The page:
The Global Judges (II)
EU adopts new sanctions regime - allegedly to punish human rights violators. In reality as an instrument in the global power struggle.
BRUSSELS/BERLIN (Own report) - With its new sanctions regime, the EU is posing as a global judge and avenger of factual or alleged human rights violations. A relevant sanctions law, largely modeled after the US American "Global Magnitsky Act" was passed yesterday by the foreign ministers of the EU. It entitles the Union to freeze the assets and block the visas of citizens of foreign countries, accused of serious human rights violations. Politically, this is only aimed at representatives of non-allied states. Those in the West, who are responsible for torture or state sanctioned murder, need not fear any consequences. Most recently, Kosovo, whose elites have been accused for years, of the most severe human rights violations, has passed a "Magnitsky Act" sanctioning factual or alleged culprits abroad. Already last year, an EU diplomat was quoted saying that the aim is to show that "we have muscles." It is designed to serve as an instrument in the global power struggle.
Foxes guarding the Chicken Coup (I)
The EU's new sanctions regime, passed by the EU foreign ministers yesterday, is modeled along the lines of two US laws, the "Magnitsky Act" (2012) and the "Global Magnitsky Act" (2016). The "Magnitsky Act," signed into law by US President Barack Obama on December 14, 2012, targets Russian citizens accused by Washington of human rights abuse, refusing them entry into the United States and freezing their assets on US territory. The "Global Magnitsky Act," signed by Obama on December 23, 2016, extends the punitive measures provided for in the Magnitsky Act to persons from anywhere in the world. With this law, Washington is positioning itself as a global judge in human rights questions. This is remarkable, considering the numerous human rights violations committed by the USA - from the global renditions to torture camps of terrorist suspects since the fall of 2001, to the various war crimes US troops committed, for example in Iraq, for whose public disclosure WikiLeaks' founder, Julian Assange, is now being persecuted by the US justice system, to the January 3, 2019 assassination by drone of the Iranian General Qasem Soleimani at the Baghdad airport. The list could be significantly prolonged.
Foxes guarding the Chicken Coup (II)
Meanwhile, several other states have introduced Magnitsky Acts including those of three Baltic countries. Two of them, Estonia and Latvia, are still denying citizenship to a large number of permanent residents because they have Russian ancestry. According to experts, around seven percent of the total population in Estonia and 14 percent in Latvia are stateless persons. Both countries, which are denying fundamental civil rights to hundreds of thousands of their inhabitants, are posing as guardians of human rights world-wide with their national versions of the Magnitsky Act. The same applies to the Kosovo authorities, who, in violation of international law, had seceded from Serbia. A sector of Kosovo's elite, including several of its presidents and prime ministers, are accused of having committed the most egregious war crimes and human rights violations. Nevertheless, the Kosovo authorities also passed a version of the Magnitsky Act on January 29, 2020. Alongside Canada and Great Britain, Australia is now also considering such a step. The country is currently shocked by reports of the most serious war crimes - including at least 39 murders of defenseless civilians - committed by Australian soldiers in Afghanistan.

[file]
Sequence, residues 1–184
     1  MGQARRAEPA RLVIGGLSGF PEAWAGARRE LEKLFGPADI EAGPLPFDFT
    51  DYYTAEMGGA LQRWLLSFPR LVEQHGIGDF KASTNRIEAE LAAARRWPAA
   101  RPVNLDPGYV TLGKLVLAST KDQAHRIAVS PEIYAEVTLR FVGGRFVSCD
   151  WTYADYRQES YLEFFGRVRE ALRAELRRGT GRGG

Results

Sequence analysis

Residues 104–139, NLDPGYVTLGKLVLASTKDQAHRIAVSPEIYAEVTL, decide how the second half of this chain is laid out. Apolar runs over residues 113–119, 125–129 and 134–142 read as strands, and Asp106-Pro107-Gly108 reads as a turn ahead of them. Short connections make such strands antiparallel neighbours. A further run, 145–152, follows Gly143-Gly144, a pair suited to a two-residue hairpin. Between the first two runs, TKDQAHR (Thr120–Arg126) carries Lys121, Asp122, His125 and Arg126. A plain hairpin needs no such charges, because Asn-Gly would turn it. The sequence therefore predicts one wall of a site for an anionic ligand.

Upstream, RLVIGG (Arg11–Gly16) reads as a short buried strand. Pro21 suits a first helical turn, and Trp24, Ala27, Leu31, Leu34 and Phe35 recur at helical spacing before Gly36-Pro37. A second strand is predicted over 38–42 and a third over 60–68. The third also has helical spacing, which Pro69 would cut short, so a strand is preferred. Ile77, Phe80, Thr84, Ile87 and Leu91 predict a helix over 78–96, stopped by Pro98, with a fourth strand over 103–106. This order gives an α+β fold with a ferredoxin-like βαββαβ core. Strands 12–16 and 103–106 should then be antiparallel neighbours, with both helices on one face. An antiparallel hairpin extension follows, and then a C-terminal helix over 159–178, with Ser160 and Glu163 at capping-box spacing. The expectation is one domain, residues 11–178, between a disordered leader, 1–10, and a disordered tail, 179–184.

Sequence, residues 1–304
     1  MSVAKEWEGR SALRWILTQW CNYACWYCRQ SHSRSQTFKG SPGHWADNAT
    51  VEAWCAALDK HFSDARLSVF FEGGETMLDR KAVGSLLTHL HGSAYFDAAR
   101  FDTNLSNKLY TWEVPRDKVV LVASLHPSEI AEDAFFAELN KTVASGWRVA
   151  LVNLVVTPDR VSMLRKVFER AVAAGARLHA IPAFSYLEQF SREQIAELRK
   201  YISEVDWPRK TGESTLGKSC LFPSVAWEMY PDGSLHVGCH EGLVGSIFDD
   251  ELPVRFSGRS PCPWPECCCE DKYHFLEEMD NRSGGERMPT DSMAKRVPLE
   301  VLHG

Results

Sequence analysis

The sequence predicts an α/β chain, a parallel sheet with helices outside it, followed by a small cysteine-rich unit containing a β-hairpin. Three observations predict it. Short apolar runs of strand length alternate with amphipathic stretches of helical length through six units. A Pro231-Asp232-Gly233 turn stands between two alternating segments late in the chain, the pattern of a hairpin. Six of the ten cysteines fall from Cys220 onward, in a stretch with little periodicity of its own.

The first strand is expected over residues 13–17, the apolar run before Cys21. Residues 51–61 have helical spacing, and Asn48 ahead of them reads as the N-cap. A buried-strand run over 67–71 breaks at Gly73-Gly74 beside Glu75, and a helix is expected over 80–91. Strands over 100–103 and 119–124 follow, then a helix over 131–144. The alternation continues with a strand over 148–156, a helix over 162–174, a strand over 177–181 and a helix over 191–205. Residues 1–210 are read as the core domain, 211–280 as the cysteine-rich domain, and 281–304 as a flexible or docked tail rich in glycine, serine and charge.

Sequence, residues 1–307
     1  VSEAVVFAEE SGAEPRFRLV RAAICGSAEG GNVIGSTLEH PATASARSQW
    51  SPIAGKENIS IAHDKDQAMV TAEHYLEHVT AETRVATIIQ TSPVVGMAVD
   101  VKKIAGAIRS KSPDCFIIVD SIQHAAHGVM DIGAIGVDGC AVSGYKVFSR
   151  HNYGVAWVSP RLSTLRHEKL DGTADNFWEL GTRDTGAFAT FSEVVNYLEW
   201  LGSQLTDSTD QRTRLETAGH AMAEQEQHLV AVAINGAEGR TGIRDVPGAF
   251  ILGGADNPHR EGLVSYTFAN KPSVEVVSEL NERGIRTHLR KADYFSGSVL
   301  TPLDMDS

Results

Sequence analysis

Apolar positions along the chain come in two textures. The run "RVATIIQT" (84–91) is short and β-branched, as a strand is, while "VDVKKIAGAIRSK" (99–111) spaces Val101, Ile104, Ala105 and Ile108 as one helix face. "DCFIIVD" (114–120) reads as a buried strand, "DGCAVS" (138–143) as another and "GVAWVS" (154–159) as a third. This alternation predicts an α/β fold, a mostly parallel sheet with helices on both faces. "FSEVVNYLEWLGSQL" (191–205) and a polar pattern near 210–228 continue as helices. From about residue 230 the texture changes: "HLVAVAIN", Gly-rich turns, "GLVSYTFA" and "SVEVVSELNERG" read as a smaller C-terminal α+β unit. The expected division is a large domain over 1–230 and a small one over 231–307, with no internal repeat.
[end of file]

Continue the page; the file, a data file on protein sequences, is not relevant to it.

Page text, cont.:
Promoted by Berlin
Plans for an EU version of the Magnitsky Act have been in discussion for years. On March 14, 2019, the EU Parliament - in a resolution that passed with 447 votes in favor against 70 against - had explicitly called for the introduction of a "European Magnitzky Act." On December 9, 2019, the foreign ministers of the EU agreed to launch concrete preparations for such a law. The EU External Action Service (EAS) was commissioned to make the necessary preparations. The German government has been particularly active in promoting EU's own sanctions law. Already in November 2019 the State Secretary of the German Ministry of Foreign Affairs, Andreas Michaelis, announced that during its term as EU Council President, Berlin intended to "further develop" the "implementation of a pan-EU mechanism for human rights sanctions." The program for Germany's EU Council Presidency states that "the expansion of the EU's capacity to impose and implement sanctions" will be promoted. In fact, in late November, a law was formulated that the ambassadors of the EU's member countries explicitly approved. Yesterday, Monday, the law ultimately was passed by the foreign ministers of the EU.